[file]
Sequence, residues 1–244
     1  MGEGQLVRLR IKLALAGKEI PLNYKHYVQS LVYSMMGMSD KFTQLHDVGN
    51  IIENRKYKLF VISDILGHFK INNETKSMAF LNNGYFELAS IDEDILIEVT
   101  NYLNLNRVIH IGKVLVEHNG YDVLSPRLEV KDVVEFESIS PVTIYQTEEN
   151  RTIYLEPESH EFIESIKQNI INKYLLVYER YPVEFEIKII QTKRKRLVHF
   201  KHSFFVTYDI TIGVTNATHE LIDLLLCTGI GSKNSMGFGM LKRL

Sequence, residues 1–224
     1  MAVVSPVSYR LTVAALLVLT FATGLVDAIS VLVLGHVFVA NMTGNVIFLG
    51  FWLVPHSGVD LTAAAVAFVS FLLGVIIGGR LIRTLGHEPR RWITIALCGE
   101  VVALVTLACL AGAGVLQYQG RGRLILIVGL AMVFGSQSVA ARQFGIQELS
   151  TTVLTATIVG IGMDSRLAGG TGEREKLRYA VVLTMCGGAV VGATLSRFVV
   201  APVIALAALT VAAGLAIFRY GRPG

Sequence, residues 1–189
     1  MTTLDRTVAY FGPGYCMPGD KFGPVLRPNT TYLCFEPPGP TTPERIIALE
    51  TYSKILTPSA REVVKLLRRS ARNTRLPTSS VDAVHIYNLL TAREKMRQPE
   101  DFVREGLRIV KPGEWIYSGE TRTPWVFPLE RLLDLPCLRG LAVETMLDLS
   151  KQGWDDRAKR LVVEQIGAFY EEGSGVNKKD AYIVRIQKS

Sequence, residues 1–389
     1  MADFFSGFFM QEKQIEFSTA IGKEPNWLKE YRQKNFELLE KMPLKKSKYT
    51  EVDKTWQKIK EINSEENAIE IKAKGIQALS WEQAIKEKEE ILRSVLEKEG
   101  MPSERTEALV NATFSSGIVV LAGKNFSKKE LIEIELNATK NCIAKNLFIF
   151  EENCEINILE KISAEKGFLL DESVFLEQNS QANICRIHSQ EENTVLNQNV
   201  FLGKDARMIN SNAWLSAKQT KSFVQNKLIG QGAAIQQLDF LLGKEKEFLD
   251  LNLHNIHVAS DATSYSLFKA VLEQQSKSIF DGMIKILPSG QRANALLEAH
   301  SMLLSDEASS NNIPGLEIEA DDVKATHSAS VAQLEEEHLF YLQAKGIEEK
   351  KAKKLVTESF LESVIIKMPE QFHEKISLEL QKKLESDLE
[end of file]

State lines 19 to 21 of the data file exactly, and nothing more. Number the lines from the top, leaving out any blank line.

     1  MADFFSGFFM QEKQIEFSTA IGKEPNWLKE YRQKNFELLE KMPLKKSKYT
    51  EVDKTWQKIK EINSEENAIE IKAKGIQALS WEQAIKEKEE ILRSVLEKEG
   101  MPSERTEALV NATFSSGIVV LAGKNFSKKE LIEIELNATK NCIAKNLFIF